China's economy is bouncing back from COVID-19: WSJ
As much of the world struggles to contain the coronavirus, China's recovery is gaining momentum, positioning it to further close its gap with the US economy, according to an article, "China's Economy, Bouncing Back, Gains on the US," published on The Wall Street Journal on Tuesday.
According to the article, China is the only major economy expected to grow this year. J.P. Morgan recently boosted its 2020 China growth forecast to 2.5 percent from 1.3 percent in April. Economists at the World Bank and elsewhere have also upgraded their forecasts for China.
China, the world's second-largest economy in real GDP terms, has slowly been catching up on the United States. Economists say China's quick rebound from COVID-19 will accelerate that process, the article said.
Homi Kharas, a senior global economics and development fellow at the Brookings Institution, said the coronavirus puts China's economy on track to reach parity with the US in 2028 in absolute terms, using current dollars, two years faster than his pre-coronavirus estimate, according to the article.
"China will emerge even stronger as the largest economy in the developing world," the article quoted Kharas as saying.
According to the article, China's factories were among the world's first to reopen in April, which helped China grab market share in global trade.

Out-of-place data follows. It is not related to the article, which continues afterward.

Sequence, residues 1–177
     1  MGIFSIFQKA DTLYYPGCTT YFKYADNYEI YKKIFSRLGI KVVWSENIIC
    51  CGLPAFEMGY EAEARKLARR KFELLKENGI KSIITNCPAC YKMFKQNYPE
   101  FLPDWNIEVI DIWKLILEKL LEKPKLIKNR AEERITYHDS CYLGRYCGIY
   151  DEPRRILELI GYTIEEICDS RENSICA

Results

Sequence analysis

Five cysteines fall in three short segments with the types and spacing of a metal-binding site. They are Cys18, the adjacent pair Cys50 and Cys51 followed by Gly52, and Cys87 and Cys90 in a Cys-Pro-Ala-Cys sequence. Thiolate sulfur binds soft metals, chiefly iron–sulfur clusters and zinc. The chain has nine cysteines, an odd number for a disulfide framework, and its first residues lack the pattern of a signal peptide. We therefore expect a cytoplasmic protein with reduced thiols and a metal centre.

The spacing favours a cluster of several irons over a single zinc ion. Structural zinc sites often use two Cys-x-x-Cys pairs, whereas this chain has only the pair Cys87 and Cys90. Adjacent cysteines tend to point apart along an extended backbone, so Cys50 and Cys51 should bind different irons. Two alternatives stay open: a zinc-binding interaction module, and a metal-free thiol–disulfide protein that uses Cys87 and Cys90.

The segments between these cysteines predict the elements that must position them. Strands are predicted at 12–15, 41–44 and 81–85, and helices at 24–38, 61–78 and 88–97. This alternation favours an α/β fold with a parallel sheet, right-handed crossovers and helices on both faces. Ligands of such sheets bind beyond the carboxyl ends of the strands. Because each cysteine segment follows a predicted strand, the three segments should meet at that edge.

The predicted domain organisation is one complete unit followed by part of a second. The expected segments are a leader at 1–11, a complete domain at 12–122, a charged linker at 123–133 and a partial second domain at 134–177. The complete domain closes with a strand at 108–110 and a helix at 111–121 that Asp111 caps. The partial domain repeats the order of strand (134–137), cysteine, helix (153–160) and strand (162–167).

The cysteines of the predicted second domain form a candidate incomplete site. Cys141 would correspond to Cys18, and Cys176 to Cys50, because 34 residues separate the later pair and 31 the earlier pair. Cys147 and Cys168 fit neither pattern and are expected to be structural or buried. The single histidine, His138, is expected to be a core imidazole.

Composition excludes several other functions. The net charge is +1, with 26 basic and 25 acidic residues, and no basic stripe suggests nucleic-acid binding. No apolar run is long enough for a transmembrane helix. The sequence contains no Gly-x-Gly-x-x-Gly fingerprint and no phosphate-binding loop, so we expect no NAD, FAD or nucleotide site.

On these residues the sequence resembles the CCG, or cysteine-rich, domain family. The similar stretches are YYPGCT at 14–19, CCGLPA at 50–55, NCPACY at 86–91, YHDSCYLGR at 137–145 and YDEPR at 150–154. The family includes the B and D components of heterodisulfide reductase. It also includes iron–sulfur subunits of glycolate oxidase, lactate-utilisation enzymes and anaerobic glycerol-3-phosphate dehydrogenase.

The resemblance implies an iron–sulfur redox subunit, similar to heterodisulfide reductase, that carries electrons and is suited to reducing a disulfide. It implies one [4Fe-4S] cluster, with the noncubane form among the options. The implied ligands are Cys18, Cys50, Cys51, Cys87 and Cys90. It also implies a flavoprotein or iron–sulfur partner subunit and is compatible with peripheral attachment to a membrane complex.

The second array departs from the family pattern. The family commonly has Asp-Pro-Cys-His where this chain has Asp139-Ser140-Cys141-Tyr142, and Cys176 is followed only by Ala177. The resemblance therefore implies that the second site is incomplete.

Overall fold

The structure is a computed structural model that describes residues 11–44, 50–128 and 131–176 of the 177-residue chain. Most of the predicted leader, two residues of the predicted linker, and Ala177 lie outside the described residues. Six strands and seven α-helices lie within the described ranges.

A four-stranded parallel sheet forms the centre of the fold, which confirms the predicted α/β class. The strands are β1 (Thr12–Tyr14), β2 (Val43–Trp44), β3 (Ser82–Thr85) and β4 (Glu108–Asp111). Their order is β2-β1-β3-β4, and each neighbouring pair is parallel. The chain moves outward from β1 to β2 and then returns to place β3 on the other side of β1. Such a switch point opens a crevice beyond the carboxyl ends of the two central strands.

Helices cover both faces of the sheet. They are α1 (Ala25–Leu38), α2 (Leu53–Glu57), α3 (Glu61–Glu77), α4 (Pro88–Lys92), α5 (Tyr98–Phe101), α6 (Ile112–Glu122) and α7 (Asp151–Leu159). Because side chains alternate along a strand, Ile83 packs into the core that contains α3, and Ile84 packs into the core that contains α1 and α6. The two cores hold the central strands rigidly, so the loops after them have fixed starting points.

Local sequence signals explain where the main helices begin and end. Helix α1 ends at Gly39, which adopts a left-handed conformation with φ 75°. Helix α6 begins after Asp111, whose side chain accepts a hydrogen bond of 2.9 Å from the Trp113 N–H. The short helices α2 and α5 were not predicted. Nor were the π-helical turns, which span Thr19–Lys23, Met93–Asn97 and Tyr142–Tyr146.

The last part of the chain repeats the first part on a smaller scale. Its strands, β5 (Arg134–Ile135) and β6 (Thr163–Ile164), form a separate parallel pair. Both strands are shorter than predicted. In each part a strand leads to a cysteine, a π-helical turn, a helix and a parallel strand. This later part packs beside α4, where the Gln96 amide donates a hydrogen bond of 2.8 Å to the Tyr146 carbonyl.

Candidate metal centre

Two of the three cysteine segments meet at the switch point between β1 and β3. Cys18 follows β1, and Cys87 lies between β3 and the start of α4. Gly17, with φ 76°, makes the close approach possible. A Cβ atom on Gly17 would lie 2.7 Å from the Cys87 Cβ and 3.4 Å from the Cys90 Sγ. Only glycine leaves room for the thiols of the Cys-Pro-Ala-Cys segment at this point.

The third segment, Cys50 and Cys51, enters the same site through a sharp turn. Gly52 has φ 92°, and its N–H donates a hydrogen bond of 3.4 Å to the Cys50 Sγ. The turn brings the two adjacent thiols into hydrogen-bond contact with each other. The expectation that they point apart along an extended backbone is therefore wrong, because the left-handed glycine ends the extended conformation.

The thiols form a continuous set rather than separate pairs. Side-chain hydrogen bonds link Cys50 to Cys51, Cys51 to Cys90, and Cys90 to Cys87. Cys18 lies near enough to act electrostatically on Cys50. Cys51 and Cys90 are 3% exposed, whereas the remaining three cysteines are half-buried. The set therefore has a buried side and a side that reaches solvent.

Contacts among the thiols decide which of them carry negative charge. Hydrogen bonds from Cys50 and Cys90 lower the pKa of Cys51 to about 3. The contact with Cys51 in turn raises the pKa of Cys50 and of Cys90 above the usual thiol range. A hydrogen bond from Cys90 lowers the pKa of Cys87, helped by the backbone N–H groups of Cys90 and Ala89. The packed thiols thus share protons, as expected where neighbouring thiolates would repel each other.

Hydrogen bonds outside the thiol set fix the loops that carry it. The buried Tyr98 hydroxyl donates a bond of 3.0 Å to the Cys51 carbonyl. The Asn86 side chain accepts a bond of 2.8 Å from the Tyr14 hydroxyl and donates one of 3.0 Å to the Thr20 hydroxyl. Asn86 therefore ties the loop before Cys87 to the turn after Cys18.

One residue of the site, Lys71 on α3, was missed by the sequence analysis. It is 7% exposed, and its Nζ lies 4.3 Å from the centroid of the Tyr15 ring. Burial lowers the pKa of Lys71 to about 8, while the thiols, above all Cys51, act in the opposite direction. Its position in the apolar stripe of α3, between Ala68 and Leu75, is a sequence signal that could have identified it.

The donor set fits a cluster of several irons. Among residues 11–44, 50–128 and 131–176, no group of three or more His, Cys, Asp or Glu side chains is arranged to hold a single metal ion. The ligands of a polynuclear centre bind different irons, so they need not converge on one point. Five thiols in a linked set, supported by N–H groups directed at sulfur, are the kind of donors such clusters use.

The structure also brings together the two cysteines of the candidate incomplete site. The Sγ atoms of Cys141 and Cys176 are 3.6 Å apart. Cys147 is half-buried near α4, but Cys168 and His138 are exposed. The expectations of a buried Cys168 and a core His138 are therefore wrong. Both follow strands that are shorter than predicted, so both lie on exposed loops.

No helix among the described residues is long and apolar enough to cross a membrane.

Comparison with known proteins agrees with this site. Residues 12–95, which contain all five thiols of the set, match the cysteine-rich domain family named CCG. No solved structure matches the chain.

Companies from Marriott International Inc to Starbucks Corp reported strong second-quarter growth in China, as the rest of the world pulled back.
The article added that before the coronavirus, Deutsche Bank estimated China's economy would grow by roughly 26 percent between 2019 and 2023, versus 8.5 percent for the United States over the same period. Now, taking into account the impact of the pandemic, the bank expects China's economic expansion to moderate slightly to 24 percent between 2019 and 2023, while the US over that stretch will have grown by 3.9 percent - less than half the original projection.
Yet, China still faces headwinds. It counts on exports for roughly one-fifth of its economic output, making it reliant on customers in the US and Europe overcoming the virus. It must also prevent its own resurgence in COVID-19 cases, the article said.